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Movie Breakdown: Family Weekend (Noah)

March 1, 2013

Film

People are doing traditional-style reviews all over the web, so we decided to try something different.  In each “breakdown” we’ll take a look at what a film’s marketing lead us to believe, how the movie actually played, and then what we learned from it all.  Read on!

The Impression:

It feels a little bit like Pitch Perfect, but for the competitive jump-roping crowd. This, well, this leaves me baffled.

The Reality:

Family Weekend feels a bit like a toothless Royal Tenenbaums, if directed by David Fincher’s less talented cousin Jerry. The film is a mish-mash of standard indie tropes – the uptight main character put through her paces by a wacky, artistic family, competitive jump-roping, etc. – and for most of the film I found myself dragged along only by a compulsive need to finish every single movie I ever dare review. Emily (Olesya Rulin) is an uptight high-schooler quickly ascending the competitive world of jump-roping (clearly this film is set in the Midwest). Her family, a bunch of typically vacant artists (populated by Matthew Modine and Kristin Chenoweth), don’t care. In an effort to “fix” her family, or at least make them give a shit about her, sigh, competitive jump-roping passion, Emily kidnaps her parents, and enlists her zany siblings (the little girl acts like Iris from Taxi Driver) to help save the family before her competitive jump-roping final. It’s nothing original (it feels like House Arrest ’13) and it should fall horribly flat, but somehow, this messy little family comedy jumps the obstacles of banality and sort of works in the third act. This could possibly be because prior to the third act every character is either a slack-jawed yokel or entirely unlikeable. When the final act rolls around though somehow director Benjamin Epps turns the corner and pulls the disparate yarns together in a way that, though heavy-handed, brings the family together while somehow alleviating the grim taste of dislike I fostered for the entire film. Maybe I’m just a sucker for families coming together in the end, but I’ll at least throw down a passing grade for Family Weekend.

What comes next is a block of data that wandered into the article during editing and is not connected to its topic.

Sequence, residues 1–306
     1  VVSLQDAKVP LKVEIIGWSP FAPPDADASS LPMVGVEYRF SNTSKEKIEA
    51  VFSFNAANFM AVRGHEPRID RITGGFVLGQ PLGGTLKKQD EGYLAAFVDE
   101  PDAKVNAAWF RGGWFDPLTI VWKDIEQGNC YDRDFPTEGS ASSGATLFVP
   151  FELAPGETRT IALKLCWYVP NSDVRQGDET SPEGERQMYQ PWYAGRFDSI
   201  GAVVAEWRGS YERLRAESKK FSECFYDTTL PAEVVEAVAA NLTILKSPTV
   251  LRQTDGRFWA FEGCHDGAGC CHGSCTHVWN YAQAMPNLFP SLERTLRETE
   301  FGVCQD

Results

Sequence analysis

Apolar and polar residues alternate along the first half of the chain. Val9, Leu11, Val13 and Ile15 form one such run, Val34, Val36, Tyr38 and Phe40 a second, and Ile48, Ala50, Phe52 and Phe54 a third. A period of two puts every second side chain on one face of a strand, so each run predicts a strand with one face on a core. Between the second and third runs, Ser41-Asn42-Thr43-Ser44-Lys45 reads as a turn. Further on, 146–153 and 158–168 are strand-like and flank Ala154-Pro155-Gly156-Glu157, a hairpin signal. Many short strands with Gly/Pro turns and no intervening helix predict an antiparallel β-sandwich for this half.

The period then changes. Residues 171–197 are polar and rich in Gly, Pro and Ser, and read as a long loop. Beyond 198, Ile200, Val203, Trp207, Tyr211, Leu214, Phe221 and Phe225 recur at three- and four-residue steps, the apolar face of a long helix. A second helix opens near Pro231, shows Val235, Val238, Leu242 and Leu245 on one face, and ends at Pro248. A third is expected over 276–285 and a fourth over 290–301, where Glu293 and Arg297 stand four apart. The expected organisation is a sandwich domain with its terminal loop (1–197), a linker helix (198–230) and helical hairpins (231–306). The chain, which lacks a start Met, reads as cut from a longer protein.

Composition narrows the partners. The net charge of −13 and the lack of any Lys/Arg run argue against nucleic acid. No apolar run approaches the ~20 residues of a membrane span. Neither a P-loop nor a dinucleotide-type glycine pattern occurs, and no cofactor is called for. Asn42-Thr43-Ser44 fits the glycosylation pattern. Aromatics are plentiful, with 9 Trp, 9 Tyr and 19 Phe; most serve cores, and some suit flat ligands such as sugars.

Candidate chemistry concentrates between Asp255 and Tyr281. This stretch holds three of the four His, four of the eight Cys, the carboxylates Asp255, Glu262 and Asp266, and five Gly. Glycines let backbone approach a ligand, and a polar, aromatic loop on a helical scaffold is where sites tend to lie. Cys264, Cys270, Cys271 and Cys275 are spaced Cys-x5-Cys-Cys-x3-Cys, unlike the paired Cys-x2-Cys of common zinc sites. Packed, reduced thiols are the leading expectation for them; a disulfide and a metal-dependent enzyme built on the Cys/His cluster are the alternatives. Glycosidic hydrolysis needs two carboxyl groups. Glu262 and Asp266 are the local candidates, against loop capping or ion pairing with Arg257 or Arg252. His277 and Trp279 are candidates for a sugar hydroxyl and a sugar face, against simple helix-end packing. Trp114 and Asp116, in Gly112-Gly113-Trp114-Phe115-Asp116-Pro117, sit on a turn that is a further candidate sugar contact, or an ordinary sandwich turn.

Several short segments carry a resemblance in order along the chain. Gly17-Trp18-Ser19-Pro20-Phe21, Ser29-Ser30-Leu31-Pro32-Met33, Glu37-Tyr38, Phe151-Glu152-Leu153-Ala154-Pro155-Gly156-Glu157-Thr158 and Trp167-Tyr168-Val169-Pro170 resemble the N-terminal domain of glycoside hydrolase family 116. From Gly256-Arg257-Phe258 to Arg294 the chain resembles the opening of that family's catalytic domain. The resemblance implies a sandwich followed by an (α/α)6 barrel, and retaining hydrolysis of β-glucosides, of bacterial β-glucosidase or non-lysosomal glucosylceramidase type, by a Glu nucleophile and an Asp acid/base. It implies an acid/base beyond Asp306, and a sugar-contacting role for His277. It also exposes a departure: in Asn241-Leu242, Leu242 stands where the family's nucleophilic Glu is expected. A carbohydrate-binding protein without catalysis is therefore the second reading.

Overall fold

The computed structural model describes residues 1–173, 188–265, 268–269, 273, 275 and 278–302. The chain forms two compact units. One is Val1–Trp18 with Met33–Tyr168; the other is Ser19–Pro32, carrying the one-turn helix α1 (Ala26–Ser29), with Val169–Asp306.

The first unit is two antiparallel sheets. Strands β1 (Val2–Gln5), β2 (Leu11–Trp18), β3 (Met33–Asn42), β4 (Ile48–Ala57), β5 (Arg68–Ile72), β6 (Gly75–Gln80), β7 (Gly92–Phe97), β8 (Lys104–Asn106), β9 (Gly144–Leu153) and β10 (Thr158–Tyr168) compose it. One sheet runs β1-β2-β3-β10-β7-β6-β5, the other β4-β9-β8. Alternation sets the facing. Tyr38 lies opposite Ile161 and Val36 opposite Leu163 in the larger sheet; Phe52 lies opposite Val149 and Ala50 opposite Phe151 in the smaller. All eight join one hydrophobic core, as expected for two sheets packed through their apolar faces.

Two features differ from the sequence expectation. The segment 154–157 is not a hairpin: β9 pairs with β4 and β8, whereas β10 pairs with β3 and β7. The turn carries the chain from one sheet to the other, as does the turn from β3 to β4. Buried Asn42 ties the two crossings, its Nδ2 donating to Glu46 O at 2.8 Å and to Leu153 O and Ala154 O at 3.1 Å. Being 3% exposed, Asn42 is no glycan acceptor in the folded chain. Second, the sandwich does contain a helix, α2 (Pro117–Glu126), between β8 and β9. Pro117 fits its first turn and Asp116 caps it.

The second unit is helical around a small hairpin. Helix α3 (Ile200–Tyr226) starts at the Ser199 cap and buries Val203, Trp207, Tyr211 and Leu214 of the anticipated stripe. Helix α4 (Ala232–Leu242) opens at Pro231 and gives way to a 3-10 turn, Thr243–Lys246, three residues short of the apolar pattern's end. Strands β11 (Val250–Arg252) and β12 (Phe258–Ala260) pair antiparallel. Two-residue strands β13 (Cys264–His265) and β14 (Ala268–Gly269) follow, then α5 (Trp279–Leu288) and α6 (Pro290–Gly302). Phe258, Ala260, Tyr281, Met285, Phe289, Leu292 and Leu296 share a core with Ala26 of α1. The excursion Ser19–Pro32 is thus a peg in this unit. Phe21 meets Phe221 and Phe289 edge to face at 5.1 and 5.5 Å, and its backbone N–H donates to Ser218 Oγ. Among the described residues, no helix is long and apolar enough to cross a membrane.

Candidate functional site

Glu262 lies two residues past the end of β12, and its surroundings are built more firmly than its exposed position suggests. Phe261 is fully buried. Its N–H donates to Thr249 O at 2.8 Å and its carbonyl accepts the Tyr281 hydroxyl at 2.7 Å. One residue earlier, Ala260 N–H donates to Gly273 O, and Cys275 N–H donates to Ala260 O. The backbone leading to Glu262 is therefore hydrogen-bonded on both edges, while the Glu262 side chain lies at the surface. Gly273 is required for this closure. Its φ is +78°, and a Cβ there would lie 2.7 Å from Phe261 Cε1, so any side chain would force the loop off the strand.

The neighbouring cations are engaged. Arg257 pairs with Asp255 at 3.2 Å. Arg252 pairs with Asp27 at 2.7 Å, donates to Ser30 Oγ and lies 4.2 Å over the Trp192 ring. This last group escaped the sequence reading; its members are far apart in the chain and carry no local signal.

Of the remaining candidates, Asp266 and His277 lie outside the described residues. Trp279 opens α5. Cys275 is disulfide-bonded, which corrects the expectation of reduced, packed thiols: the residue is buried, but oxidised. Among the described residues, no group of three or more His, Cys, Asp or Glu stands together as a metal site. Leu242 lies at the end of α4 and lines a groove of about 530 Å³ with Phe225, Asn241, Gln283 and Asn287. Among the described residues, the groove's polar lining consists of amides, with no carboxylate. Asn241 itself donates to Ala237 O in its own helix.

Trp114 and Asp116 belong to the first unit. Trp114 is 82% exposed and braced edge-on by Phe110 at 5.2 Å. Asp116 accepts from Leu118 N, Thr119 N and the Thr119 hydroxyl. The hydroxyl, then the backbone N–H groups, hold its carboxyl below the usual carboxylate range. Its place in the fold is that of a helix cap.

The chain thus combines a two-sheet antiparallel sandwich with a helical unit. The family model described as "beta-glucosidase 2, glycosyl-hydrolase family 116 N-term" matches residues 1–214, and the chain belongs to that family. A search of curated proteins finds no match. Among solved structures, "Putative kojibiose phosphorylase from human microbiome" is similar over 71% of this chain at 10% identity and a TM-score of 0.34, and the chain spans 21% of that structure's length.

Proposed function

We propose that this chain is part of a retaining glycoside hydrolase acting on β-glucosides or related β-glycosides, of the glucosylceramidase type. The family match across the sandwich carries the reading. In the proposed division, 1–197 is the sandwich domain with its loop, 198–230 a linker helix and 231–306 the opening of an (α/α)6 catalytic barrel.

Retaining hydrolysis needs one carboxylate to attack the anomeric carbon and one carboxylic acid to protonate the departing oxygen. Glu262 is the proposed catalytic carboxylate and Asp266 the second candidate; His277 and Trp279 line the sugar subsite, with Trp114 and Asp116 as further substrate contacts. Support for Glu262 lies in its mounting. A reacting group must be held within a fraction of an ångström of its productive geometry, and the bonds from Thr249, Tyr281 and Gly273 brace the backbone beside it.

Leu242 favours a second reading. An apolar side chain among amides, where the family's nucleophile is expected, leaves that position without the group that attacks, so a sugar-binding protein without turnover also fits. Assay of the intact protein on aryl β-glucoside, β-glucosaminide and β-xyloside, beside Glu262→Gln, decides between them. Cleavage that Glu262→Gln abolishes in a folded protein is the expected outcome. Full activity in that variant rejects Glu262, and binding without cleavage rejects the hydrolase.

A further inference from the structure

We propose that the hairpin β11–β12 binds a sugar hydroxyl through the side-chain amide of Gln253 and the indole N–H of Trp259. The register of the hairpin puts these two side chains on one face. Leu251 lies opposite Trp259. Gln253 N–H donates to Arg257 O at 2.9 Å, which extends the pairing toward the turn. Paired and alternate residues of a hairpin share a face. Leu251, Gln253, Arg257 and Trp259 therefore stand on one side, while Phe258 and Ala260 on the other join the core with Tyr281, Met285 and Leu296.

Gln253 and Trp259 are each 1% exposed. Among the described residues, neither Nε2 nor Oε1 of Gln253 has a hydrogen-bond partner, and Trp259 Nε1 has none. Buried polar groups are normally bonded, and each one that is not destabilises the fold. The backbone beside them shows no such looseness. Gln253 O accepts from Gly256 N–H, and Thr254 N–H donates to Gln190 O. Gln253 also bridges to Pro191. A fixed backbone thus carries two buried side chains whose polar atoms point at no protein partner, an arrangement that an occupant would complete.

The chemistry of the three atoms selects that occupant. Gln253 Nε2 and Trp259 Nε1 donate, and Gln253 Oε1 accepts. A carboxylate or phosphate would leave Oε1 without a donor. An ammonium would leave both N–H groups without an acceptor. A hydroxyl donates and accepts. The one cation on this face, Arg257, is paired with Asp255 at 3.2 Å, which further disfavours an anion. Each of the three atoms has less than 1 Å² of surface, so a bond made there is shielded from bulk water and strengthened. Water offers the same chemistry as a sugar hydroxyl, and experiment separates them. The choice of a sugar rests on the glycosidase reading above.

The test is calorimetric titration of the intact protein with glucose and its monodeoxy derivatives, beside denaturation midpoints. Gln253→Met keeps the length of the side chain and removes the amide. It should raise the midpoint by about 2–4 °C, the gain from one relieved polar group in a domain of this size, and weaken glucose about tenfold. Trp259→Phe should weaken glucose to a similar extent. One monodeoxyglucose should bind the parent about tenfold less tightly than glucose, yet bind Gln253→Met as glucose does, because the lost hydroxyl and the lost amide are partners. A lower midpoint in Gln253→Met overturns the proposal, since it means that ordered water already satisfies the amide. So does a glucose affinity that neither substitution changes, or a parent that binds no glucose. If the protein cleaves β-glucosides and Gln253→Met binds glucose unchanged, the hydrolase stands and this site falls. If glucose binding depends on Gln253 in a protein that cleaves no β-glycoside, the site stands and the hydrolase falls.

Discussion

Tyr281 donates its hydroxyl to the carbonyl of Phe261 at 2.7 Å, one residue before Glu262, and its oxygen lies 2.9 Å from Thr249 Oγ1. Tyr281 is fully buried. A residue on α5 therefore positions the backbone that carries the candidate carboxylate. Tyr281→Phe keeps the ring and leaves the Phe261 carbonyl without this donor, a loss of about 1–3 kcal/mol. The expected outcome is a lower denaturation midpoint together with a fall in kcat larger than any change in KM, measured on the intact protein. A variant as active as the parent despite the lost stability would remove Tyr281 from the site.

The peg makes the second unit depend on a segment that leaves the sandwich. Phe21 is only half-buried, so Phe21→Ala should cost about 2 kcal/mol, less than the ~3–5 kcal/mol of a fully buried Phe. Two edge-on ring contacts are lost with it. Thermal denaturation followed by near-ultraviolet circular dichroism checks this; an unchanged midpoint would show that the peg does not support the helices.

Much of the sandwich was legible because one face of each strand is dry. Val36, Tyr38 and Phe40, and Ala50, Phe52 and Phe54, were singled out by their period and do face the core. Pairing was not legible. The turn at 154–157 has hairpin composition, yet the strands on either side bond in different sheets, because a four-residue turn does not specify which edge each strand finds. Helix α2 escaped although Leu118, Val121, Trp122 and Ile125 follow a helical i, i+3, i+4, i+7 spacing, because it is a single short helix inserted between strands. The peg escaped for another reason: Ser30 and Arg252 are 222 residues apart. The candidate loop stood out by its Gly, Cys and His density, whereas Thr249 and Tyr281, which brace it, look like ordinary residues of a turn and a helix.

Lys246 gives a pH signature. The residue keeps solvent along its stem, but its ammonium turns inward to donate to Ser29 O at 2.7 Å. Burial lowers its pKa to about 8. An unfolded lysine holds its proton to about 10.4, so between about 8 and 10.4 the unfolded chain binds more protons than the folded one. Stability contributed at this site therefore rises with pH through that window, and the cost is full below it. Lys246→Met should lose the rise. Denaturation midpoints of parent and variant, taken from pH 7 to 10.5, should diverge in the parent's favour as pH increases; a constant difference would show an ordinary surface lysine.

The Lesson:

Clearly, in some fields of film, my opinion is not to be trusted.

Family Weekend is out on VOD now.

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